This report tries to analyse the factors and variables that determine and influence the recreational expenditure of the households in Canada. Recreational expenditures are important because not only do they improve the quality of life of the residents, but also boost tourism in the economy.
The basic equation to follow the econometric model for the purpose here is:
Recreational Expenditure = f (Individual Characters, Social Characters)
Individual Characters refer to those characteristics that pertain to an individual like his or her gender, education, age etc.
Social Characters refer to those characteristics that correspond to the whole household like the household income, geographical location and so on.
The explanatory power of the model is 38.8% and the model is significant at 1% level of significance. The presence of multicollinearity is less likely in the model because in the presence of multicollinearity, the variables lose their statistical significance and the explanatory power of the model increases very strongly (Greene, 2000). This however does not hold for this model. The model can be heteroskedastic because of specification error. The presence of heteroskedasticity is often found due to specification error. It is evident from figure 1 that a linear model might not be a good specification for the dependent variable.
The coefficient of log of income is 1.119 and is statistically significant at 1% level of significance. This means that for a unit increase in the log of income, the log of recreational expenditures in the household increases by 1.119 when all other variables are held constant. The coefficient of sex is negative implying that females are more inclined towards recreational activities than males in Canada. The coefficient of education is also negative and is significant at 5% level of significance. This implies that for a unit increase in the education, the log of recreational expenditures is likely to reduce by 0.009. The coefficient of social assistance is also negative. Since the variable takes a value of 1 for the households which receive social assistance, the negative coefficient implies that such families are less likely to engage much in recreational activities. Among the provincial dummy variables only the dummies corresponding to Quebec, Saskatchewan and British Columbia are significant. The base category here is Ontario. Since the coefficient of Quebec is negative, the people of Quebec are less likely to spend on such activities as compared to Ontario. On the other hand, people from Saskatchewan and British Columbia are more likely to do so. The coefficient of rural households is negative, implying that these households are expected to spend less on recreational activities. The coefficient of age is -0.018 which implies that for a unit increase in the age of the Canadians, the log of recreational expenses is expected to decline by 0.018.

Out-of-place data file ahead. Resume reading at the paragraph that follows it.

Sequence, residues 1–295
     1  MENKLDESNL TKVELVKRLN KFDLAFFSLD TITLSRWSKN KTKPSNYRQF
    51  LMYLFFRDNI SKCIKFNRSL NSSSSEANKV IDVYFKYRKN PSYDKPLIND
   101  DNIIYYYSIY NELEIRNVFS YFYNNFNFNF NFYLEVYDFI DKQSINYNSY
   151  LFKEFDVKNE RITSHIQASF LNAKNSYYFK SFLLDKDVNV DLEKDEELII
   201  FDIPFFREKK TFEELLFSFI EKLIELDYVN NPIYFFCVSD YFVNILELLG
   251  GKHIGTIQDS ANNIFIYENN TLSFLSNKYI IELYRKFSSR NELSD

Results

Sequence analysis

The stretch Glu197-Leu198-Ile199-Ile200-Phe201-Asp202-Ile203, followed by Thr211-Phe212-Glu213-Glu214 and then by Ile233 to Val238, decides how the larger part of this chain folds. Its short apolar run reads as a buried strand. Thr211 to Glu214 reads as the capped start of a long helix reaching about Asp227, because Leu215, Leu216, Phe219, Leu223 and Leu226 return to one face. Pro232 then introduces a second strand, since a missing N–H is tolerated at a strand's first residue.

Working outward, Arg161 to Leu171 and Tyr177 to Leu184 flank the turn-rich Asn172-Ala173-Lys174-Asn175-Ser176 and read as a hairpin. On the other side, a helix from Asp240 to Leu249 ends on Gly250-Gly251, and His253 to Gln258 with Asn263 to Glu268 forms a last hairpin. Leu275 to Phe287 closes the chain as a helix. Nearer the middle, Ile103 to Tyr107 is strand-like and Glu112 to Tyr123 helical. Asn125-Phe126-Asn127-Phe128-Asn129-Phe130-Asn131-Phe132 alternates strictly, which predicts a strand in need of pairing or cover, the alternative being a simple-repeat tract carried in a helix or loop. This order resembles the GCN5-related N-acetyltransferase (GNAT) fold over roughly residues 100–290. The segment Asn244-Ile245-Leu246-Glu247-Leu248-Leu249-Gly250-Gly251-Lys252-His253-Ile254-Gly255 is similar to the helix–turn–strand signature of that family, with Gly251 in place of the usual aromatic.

For a unit increase in log of income, the increase in log of expenses on recreational activities is more than 1. This means that the people in Canada prefer spending on recreational activities. However, the desire is limited to certain areas. Like Rural areas do not spend much on recreational activities and so do people of certain provinces. There needs to be a program in place to stimulate such expenses. It is important because expenditure in such activities leads to a better quality of life which in turn leads to better human productivity. Since age has a negative effect on recreational expenses, dedicated recreational avenues need to be developed for people of higher ages.